From what I can tell, expectation is one of the more wily of mind states. Dangerously close to the Christian concept of the devil, in fact. What I mean by that is, expectation – and its cousins (it’s greed and aversion all wrapped up into one), are single-handedly the greatest single source of suffering I can point to in my experience. For much of my late twenties and early thirties, I would have said that expectation in terms of the love relationship was the number one, number two arrow and it was, but now I see it’s trickier than that.
It’s entirely unintentional that there’s been no activity here for the past month. But if I think about it, there are clear causes and conditions, and the neglect here is just one of those effects. You know, there’s a cause for every effect. Or probably a few. In this case, while there was some denial and pushing away of what was being experienced as it was being experienced, in retrospect it’s a pretty simple formula.
Expectation > disappointment > loneliness > depression
The thing is, in this case, the expectation was subtle and apparent in virtually all relationships I was in the process of developing.
I live with my parents. I’m 34. There’s a ton of shit that comes up for me as a result. But I do choose this and it’s whatever I need to be doing right now. When my rather carnivorous father makes us vegetarian chili and tells me in a moment of reflection that he’s thinking about and grateful for how much insight I’ve brought to his life over the past few months, well, that’s love for you. And it makes all the difficulties of being in relationship and facing one’s deepest conditioning reflected back day in and day out by ones parents worth it. Although the relationship with each of them is constantly evolving, there is a basis of unconditional love – a security – that loosens up the expectation. At least for me. I do see that each of them has expectations of the other, and I see how that in turn leads to my mom believing the story line that no one ever does anything for her, or my dad that he’s “going broke”, for example. And maybe I’m just being naïve when I say I don’t have expectations of them, but generally, there’s a sense of ease in those relationships for me that doesn’t exist with most people, even the friends I am so blessed to have had for 30+ years.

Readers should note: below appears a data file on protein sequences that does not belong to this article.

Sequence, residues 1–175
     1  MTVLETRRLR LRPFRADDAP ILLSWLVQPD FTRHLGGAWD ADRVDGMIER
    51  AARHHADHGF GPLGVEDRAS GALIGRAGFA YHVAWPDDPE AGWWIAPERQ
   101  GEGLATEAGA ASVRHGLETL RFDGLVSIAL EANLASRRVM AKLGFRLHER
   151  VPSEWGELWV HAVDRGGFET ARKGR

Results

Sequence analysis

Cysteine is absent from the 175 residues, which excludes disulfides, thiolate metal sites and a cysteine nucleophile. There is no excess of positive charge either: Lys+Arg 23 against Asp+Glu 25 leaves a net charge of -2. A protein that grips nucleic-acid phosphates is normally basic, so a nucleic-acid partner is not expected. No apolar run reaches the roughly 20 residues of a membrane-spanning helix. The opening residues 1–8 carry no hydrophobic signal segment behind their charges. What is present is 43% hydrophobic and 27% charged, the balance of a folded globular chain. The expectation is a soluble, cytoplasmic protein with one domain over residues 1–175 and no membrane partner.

However, there are relationships I’ve developed through my Dhamma practice, both in person and virtually. I am corresponding with a prisoner. As these friendships develop, and there is an increasing vulnerability and therefore intimacy (not romantic, per se, but just more intimate), expectation rears its ugly head. I catch it at times. I feel it in the chest, the hollow feeling when I wonder why that letter or email reply hasn’t arrived–mind you, I’m horrendous about email replies. I see the story line, ever so quietly try to build steam. But these are the moments when I’m being vigilant, and when I’m not, it is building up and then all the sudden it’s full blown depression (this is a relative statement of course, but for me at least).
“Even the qualities of clarity, non-dwelling, and bliss are obstacles if you cling to them.”
I spent months meditating every day in Burma to learn this lesson, that expectation leads only to depression. That letting go of any attachment to a particular result is essential in the practice. And since practice is life, it follows that this lesson is transferable to most other things, particularly relationships.